Sports, camps, competitions

The organisation of sports competitions, trainings, camps, and sports and exercise events depends on the level of risk established in the country. You can only participate if you are healthy and from the age of 18, everyone must present a valid COVID certificate. Use personal equipment and water bottles, avoid shaking hands and hugging, keep a sufficient distance, wash your hands, and turn on the HOIA application.
Restrictions in force

In order to avoid the spread of the virus and getting infected, to protect the life and health of the people and to ensure the functioning of the society, it is necessary to follow the enacted restrictions and guidelines.

Restrictions in force
The meters of risk level

The main meters are the number on people infected with COVID-19 and the number of people hospitalised. The Government reviews the risk level once a week.

Instructions for how to behave at different risk levels

How to participate safely in camps?

COVID-19 spreads from person to person by droplets. Therefore, it is important to follow guidelines and recommendations that help keep yourself and others safe:

  • Only healthy children, parents, and employees who have not been in contact with a person suffering from or recovered from the coronavirus during the last 14 days are allowed to participate in camps.
  • The health of all participants and employees is constantly monitored in camps. People with symptoms are isolated immediately until they return home. If a child falls ill in the camp, their parent must come pick them up. If they are diagnosed with COVID-19, a health check-up will be performed for the other participants and employees who came into contact with them.
  • As little time as possible is spent indoors. In fine weather, leisure activities, gatherings, and joint events are carried out outdoors.
  • In the interests of health and safety, groups of twenty participants are formed. All joint activities take place in these groups – eating, training, joint events, etc. Accommodation is also organised in such a way that contact between groups is kept to a minimum.
  • Teach your child the importance of hygiene, washing hands with running soap and water, and hand disinfection. Explain to your child in accordance with their age why it is important to wash their hands often and not put them in their mouth. This will help ensure that basic hygiene requirements are met and make it safer for your child to be in the camp.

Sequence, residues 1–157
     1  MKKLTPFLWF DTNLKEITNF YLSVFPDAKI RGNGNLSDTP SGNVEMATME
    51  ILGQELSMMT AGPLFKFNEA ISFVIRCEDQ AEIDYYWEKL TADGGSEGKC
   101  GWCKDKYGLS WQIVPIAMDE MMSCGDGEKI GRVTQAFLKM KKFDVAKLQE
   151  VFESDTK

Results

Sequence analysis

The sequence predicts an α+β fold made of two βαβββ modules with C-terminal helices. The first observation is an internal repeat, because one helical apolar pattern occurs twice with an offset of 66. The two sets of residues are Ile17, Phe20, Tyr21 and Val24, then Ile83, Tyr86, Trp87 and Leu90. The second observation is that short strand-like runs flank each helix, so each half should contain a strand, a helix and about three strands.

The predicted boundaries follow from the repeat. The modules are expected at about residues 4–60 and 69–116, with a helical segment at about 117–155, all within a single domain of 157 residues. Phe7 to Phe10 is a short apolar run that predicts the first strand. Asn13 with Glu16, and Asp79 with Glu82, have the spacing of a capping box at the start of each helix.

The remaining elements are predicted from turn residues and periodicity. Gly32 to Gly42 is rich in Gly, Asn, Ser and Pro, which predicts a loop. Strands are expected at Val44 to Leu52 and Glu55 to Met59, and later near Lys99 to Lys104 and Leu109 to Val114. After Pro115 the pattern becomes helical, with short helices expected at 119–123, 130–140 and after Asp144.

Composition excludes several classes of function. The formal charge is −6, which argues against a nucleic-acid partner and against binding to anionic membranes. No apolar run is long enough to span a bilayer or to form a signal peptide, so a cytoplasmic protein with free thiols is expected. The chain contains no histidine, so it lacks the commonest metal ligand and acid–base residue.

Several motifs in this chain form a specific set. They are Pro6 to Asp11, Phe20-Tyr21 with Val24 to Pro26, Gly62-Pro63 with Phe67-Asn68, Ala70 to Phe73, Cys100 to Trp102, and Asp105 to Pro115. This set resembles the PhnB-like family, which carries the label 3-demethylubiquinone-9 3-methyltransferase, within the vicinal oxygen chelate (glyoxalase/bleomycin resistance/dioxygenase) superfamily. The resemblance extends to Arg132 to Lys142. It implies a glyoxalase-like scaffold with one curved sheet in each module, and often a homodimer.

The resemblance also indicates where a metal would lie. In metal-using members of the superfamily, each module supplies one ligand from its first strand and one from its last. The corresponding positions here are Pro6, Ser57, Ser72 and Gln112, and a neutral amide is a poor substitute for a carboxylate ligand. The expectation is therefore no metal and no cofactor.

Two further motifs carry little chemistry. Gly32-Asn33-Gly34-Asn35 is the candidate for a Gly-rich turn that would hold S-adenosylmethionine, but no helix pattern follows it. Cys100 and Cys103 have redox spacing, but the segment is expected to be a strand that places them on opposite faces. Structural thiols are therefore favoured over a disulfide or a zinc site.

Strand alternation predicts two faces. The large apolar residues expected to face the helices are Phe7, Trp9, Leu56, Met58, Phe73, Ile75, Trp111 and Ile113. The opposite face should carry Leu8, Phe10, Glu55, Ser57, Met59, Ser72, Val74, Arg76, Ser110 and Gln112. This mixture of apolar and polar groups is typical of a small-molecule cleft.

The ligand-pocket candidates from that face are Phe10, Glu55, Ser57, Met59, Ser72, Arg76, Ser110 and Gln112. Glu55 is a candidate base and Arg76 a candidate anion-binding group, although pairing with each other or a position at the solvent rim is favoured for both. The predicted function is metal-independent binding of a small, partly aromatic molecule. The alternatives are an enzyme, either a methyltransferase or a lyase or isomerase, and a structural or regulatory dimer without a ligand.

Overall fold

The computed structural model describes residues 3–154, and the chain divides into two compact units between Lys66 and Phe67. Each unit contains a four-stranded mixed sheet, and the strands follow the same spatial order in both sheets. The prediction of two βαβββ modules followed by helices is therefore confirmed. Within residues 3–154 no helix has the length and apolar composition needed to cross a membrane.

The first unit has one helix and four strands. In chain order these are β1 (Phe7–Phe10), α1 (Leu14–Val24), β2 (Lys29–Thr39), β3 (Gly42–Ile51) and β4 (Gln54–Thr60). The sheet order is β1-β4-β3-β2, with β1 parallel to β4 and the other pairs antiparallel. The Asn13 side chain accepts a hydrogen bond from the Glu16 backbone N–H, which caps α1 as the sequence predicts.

• To prevent the spread of infection, teach your child to cover their mouth and nose with their forearm or a tissue when sneezing or coughing, and then washing their hands immediately.
  • Explain to your child that only individual drinking bottles should be used in the camp.
  • If no personal training equipment is available, teach your child to disinfect the equipment before and after each use.

How to participate safely in sports competitions?

  • Restrictions on participants and spectators in sports competitions depend on the level of risk established in the country.
  • Only healthy people are allowed to participate. Participation in competitions is prohibited for people with symptoms (the rule applies to both competitors and organisers).
  • If you belong to a risk group (especially the elderly, people with chronic diseases, and immunocompromised persons) but you cannot avoid participating in the competition, find an isolated place where contact with other persons would be minimal. If necessary, contact the organiser for help.
  • In indoor competitions, everyone must wear a mask from the age of 12 (except at the time of competing if it is not possible to wear a mask due to the nature of the activity).
  • All participants over the age of 18 must prove their infection safety.
  • Use only personal equipment as a competitor. If you use rented equipment, disinfect it before use.
  • In order to avoid close contacts, participants in the competition are divided into groups to avoid contact with other groups. Follow the instructions of the organiser and keep as far from the other participants as possible. The rule does not apply to a competitor when it is their time to compete.
  • When participating in a competition as an organiser, participant, or spectator, wash and disinfect your hands often.
  • Avoid shaking hands and hugging, as well as other forms of direct contact to prevent the possible transmission of the virus.
  • Take into account the breaks required for cleaning, disinfecting, and ventilating the rooms and surfaces. If there are several competitions in the same indoor space during the same day, there must be a 30- to 60-minute break between the end of one competition and the start of the next.
  • All the above rules also apply to the staff involved in the organisation of the competition (including judges, organisers, and trainers).

What are the rules for athletes from third countries?

  • People from third countries who take part in a high-level international competition and people who are directly involved in the organisation of sports competitions can perform their duties upon arrival in Estonia, provided that they have taken at least one negative coronavirus test after their arrival or if a doctor has declared them healthy.
  • If these athletes would not be able to compete due to restrictions, the level of competitions would be significantly lower than in previous years and this could also reduce the interest of athletes in competing in the following years.

Last updated: 15.11.2021